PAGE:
Greek, late Hellenistic; variant of the 4th century b.c. Aphrodite of Knidos by Praxiteles
Bronze; H. 20 3/8 in. (51.7 cm)
Rogers Fund, 1912 (12.173)
No other sculpture in antiquity enjoyed the renown of Praxiteles' Aphrodite of Knidos. For the Roman author Pliny the Elder (2379 A.D.), it was not only the finest work by Praxiteles but also the finest statue in the world. Roman coins minted in Knidos that depict the statue provide the general identification of the pose. Aphrodite stands nude, with her weight on her right leg, her head turned to the left, her right hand covering her pubic area, and her left hand holding a fold of drapery that falls onto a hydria (water jar) standing on a pedestal. The statue was erected in a round temple and was meant to be viewed from all sides. The goddess is depicted undressing before (or dressing after) a bath in "heroic nudity" as unconscious and glorious as that of the gods.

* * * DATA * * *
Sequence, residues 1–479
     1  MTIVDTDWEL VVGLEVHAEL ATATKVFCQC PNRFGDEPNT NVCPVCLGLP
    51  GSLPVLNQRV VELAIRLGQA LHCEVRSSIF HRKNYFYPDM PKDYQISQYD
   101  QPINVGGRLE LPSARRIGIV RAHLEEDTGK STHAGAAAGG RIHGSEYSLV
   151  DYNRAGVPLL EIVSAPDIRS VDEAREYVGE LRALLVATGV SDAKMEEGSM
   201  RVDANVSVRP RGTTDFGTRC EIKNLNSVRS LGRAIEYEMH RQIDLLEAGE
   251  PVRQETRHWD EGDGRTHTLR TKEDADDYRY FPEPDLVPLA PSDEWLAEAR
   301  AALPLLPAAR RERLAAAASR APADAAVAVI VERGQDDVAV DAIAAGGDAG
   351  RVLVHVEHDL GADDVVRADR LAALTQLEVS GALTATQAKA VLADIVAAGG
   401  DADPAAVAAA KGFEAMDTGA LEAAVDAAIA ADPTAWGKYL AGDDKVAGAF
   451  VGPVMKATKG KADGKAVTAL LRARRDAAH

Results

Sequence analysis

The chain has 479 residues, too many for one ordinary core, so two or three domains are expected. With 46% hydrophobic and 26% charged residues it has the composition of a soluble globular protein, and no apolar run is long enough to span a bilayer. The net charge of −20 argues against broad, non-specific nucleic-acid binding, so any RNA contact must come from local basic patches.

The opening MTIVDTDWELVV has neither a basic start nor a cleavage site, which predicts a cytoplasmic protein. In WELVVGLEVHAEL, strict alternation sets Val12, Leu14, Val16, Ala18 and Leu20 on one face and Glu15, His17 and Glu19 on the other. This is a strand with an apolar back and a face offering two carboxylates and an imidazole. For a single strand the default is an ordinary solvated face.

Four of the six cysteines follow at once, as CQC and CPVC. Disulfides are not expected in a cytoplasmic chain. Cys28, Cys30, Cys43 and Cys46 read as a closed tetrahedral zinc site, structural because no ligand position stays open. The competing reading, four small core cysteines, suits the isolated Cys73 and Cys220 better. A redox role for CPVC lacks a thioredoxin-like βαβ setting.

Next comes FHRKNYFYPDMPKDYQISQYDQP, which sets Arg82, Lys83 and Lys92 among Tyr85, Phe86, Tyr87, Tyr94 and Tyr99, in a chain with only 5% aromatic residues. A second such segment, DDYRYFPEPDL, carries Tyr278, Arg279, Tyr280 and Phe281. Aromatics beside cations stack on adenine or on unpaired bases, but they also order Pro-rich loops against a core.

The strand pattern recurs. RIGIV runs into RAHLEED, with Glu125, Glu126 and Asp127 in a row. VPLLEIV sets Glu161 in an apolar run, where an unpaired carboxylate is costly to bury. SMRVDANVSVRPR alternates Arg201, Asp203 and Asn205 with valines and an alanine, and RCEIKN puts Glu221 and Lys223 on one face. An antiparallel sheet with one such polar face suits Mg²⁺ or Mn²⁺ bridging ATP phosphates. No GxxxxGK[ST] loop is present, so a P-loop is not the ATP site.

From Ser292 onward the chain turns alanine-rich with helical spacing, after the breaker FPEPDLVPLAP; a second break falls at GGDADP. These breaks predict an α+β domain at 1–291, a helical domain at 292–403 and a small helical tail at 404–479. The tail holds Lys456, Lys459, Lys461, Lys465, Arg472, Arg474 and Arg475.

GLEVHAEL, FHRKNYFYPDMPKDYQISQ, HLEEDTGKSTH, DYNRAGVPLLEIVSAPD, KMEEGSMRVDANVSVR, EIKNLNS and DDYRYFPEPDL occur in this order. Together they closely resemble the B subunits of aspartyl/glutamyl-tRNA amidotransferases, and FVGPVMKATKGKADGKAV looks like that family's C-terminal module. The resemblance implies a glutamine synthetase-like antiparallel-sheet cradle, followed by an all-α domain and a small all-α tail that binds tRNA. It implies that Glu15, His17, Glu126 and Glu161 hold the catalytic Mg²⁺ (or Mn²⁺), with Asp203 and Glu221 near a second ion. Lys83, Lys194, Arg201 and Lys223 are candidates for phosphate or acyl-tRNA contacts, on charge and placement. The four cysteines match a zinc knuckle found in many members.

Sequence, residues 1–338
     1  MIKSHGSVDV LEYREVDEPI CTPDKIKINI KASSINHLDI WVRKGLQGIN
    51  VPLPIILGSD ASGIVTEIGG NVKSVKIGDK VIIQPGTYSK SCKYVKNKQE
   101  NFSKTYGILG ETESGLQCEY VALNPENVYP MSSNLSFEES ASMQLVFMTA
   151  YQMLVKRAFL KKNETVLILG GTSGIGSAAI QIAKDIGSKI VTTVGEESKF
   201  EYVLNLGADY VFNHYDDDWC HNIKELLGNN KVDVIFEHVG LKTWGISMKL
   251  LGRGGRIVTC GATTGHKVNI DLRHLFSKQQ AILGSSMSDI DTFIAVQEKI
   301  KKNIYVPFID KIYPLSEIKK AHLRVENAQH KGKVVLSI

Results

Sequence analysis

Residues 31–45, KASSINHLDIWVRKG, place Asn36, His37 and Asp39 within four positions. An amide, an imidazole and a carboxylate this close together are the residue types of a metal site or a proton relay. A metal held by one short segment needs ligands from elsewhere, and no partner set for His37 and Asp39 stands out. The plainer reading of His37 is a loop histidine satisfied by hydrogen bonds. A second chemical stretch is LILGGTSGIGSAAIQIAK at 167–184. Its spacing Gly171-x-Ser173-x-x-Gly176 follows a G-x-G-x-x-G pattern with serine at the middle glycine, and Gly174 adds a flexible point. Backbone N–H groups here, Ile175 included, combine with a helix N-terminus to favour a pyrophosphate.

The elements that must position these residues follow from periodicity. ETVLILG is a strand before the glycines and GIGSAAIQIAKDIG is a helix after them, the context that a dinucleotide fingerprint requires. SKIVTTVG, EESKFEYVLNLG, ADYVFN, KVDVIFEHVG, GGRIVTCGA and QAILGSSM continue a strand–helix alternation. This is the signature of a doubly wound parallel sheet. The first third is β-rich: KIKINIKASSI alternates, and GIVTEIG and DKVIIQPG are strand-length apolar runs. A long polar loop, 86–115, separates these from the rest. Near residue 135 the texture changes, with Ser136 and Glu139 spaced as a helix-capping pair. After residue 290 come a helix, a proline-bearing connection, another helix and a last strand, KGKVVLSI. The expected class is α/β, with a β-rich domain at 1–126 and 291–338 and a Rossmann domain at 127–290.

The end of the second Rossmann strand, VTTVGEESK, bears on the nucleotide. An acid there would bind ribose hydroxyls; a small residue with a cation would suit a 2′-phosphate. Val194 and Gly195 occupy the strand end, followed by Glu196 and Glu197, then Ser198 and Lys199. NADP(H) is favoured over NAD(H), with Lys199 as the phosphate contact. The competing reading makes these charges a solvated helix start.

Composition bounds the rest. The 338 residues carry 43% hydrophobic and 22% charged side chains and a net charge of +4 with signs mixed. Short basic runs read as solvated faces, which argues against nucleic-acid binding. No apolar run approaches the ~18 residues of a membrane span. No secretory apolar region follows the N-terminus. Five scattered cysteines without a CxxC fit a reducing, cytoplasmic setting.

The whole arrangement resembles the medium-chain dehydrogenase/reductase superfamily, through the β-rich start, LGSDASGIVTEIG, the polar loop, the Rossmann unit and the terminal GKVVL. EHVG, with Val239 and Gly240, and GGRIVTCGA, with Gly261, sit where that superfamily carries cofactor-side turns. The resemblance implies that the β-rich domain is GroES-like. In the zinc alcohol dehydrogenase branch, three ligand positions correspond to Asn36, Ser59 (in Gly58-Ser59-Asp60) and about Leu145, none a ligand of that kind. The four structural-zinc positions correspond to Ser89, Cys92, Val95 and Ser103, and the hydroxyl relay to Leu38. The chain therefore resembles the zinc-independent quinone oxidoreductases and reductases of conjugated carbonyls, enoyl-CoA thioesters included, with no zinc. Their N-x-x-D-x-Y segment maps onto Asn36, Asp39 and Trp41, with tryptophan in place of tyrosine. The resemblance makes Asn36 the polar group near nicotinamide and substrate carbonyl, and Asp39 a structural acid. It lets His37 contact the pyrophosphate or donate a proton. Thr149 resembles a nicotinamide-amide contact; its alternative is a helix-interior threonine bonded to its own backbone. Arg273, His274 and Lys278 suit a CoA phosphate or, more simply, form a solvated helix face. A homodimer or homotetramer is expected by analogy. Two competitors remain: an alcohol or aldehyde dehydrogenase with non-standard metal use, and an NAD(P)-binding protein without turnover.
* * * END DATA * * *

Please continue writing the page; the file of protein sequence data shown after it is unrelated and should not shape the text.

This magnificent large bronze statuette represents only one variation of the Praxitelean original. While originally an overlifesized work sculpted in Parian marble, the Aphrodite of Knidos was widely imitated and adapted by artists of the Greek and Roman world in many mediums and on many scales.